Thompson: Mixed Messages For Teachers From Fordham
Policy theorists should understand the destructive force of mixed messages. Often, the only contact that wonks have with schools is conferences with top administrators, who are on their best behavior and claiming to embrace standards-based instruction, not mandating bubble-in malpractice.
Perhaps these top-level bureaucrats really believe that teach-to-the-test isn't being imposed, or perhaps they have learned to stay on message when they are with polite company. In reality, however, teachers have been coerced into primitive basic skills instruction.
Now, teachers are told to turn on a dime and teach the opposite - Common Core college readiness standards. Students are told, never mind, forget all the drill and kill that has been imposed during your school career, and instantly read, think, and take tests in brand new ways.
A successful transition to Common Core is inconceivable without a moratorium on stakes being imposed on schools, teachers, and students, based on primitive bubble-in test scores. But, Fordham's Victoria Sears, in The Accountability Moratorium Is Here, says that an explicit moratorium is unnecessary because "Punitive consequences associated with accountability are largely being put on hold during the transition to Common Core." (emphasis is Sears's) This statement is based on conversations with administrators in five states - so it must be true!
So, school leaders are told that it would be unfair to use these new tests unfairly. Teacher should just have faith in administratrators who are told to use those assessments to punish, but to not do so unfairly.
Guess who also opposes mixed messages? Education Week's Alyson Klein, in Duncan Allows Waiver States Extra Time on Evaluations, reports that the Education Trust opposes California's delay in attaching consequences to new tests because, "The department is sending harmful mixed signals...." But, in Slowing Down to Speed Up, the Trust's Kati Haycock recently wrote the opposite. She said that Randi Weingarten was mostly right in calling for a moratorium on stakes attached to Common Core tests because:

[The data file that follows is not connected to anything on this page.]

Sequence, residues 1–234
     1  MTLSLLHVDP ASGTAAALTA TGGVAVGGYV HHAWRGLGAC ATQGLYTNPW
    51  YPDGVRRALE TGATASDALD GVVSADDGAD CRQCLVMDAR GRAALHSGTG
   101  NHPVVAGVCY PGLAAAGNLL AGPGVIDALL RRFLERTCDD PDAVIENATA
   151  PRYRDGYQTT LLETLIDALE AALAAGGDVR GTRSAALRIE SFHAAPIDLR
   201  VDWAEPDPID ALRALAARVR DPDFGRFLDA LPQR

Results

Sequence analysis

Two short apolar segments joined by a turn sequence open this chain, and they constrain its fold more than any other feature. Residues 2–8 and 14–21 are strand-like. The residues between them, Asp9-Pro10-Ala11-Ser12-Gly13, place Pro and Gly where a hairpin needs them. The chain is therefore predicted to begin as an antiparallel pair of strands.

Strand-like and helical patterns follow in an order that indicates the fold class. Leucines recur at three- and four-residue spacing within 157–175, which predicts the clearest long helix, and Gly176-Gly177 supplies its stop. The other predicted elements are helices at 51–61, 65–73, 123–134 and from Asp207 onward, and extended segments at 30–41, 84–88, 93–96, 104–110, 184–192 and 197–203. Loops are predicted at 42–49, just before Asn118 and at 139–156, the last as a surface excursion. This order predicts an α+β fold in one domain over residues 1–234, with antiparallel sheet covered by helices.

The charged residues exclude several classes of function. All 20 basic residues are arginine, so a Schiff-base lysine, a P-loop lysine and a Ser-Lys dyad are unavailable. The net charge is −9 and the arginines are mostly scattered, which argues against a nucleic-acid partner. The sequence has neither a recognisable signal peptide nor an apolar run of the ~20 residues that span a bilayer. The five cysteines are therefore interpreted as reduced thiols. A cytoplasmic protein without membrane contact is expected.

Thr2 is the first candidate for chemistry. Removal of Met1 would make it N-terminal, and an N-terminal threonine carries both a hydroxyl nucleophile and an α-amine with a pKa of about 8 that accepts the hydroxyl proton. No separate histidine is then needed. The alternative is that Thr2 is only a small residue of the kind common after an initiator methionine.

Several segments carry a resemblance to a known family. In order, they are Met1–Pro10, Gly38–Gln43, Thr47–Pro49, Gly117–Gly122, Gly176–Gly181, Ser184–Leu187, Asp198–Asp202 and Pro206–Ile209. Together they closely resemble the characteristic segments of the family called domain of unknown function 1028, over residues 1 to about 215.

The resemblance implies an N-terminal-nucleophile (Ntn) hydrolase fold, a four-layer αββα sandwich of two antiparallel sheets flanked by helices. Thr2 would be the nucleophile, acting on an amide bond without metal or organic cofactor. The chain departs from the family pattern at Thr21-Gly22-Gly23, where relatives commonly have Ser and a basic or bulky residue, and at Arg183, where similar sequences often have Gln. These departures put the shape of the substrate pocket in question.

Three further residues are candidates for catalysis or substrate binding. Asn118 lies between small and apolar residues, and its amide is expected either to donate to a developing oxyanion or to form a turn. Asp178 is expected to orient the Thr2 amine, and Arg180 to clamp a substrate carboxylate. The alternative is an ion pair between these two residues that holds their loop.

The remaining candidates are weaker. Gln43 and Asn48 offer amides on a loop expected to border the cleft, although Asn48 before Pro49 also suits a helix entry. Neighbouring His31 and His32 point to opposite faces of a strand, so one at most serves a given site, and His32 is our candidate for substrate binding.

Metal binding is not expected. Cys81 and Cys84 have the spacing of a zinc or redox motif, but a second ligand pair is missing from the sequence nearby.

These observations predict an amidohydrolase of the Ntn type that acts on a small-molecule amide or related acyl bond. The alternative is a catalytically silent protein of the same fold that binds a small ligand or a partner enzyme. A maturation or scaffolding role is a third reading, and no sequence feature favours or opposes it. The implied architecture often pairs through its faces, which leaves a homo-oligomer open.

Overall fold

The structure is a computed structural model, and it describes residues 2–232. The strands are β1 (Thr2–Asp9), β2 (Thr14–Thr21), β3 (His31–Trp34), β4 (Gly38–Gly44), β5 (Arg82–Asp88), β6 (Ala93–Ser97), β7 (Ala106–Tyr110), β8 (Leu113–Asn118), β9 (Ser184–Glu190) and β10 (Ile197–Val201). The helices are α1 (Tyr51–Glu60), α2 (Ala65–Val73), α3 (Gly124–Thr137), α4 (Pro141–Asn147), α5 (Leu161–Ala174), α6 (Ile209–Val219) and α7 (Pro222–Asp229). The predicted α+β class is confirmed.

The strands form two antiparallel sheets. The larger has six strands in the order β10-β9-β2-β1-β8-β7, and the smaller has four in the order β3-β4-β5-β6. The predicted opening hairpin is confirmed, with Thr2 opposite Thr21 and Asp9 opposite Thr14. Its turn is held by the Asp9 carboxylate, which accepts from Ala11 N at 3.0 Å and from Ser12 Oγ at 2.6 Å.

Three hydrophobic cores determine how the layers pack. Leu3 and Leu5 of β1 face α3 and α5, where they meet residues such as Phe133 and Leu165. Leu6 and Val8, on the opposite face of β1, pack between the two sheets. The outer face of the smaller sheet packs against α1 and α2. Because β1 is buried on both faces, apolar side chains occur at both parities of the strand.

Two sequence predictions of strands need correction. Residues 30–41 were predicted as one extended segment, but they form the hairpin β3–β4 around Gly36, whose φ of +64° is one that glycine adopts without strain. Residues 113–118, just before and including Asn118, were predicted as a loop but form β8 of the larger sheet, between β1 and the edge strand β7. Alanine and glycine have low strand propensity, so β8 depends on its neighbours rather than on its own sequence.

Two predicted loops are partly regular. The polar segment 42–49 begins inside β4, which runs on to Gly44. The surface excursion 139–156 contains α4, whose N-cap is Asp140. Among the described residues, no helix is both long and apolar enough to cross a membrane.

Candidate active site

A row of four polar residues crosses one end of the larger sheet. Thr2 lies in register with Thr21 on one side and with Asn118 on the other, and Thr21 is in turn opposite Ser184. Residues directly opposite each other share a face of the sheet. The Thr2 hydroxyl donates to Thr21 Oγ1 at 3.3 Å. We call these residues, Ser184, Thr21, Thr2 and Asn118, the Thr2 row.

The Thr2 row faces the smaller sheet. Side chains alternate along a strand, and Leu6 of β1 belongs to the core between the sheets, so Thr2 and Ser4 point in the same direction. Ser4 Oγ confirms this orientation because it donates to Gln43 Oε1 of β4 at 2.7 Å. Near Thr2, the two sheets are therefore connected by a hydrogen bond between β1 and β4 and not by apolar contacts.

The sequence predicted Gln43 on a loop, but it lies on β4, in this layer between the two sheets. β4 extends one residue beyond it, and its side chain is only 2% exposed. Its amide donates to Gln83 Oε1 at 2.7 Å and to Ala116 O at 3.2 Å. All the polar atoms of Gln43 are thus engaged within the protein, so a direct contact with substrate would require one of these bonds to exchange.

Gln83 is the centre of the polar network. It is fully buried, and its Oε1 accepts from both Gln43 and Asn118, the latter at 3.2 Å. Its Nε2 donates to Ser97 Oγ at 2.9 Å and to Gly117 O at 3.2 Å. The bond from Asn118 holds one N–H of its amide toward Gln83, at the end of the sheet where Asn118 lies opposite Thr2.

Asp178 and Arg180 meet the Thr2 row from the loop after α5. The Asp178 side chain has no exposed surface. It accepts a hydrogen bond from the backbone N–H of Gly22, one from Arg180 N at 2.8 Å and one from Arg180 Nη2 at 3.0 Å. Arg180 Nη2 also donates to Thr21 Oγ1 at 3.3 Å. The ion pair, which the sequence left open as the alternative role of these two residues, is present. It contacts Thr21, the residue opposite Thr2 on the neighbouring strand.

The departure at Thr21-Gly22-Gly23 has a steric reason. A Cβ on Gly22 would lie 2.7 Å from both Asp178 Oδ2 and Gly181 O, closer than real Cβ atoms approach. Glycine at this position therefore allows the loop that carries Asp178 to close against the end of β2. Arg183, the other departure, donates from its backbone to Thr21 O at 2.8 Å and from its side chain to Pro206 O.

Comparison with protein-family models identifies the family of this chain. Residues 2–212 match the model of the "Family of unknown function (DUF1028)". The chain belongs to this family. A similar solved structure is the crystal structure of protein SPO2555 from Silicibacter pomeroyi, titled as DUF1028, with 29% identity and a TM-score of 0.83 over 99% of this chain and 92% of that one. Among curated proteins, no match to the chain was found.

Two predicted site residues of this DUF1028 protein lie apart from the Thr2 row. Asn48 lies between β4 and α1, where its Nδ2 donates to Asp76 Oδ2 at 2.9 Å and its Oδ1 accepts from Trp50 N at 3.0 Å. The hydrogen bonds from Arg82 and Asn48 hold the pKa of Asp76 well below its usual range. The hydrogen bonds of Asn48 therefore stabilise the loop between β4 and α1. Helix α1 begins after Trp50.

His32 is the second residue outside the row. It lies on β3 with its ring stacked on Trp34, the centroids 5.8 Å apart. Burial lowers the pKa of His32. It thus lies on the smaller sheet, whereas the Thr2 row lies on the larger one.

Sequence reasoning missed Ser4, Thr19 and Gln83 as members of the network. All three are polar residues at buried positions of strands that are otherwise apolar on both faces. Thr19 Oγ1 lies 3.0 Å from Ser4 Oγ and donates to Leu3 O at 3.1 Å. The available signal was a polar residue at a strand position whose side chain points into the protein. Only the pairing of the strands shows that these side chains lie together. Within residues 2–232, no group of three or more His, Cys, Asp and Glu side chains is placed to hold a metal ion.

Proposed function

In many states, the first year of this new kind of evaluation will take place during the last year of the old state tests, which are not even remotely aligned with the new Common Core standards. At a time when we are trying to convince teachers to shift over to new standards, including a value-added or growth measure based on old tests is just plain nuts.
The most inconsistent supporters of the stay the course approach to Common Core and high-stakes testing was ridiculed by Sherman Dorn in Waiver Waver, ... Don't Tell Me [it's a moritorium]. He explains that "the Council of Chief State School Officers asked for “flexibility” – not “moratorium,” never that."
Dorn saves his best for Arne Duncan's mixed message regarding the one-year delay that he now allows for some states in implementing value-added evaluations:
We have a not-a-pause-or-a-moratorium policy that is an optional delay. But I guess according to the U.S. Department of Education, if Arne Duncan doesn’t use the P (pause) or M (moratorium) words, then states won’t pause or have a moratorium. This is sort of like the belief that if adults don’t use the word sex, then teenagers won’t engage in it. But, hey, if everyone can declare victory and get out, then we’re not quite as deep in the Big Muddy. So here’s to the not-so-subtle wordsmithing of Mr. Duncan.
The most curious thing about reformers' mixed messages in regard to education policy substance is that it contrasts so sharply with their ability to sing from the same hymnal when attacking teachers. I wonder why reformers, who are so skilled in political combat, are so confused when they deal with realities in schools.-JT(drjohnthompson) Image via Flickr.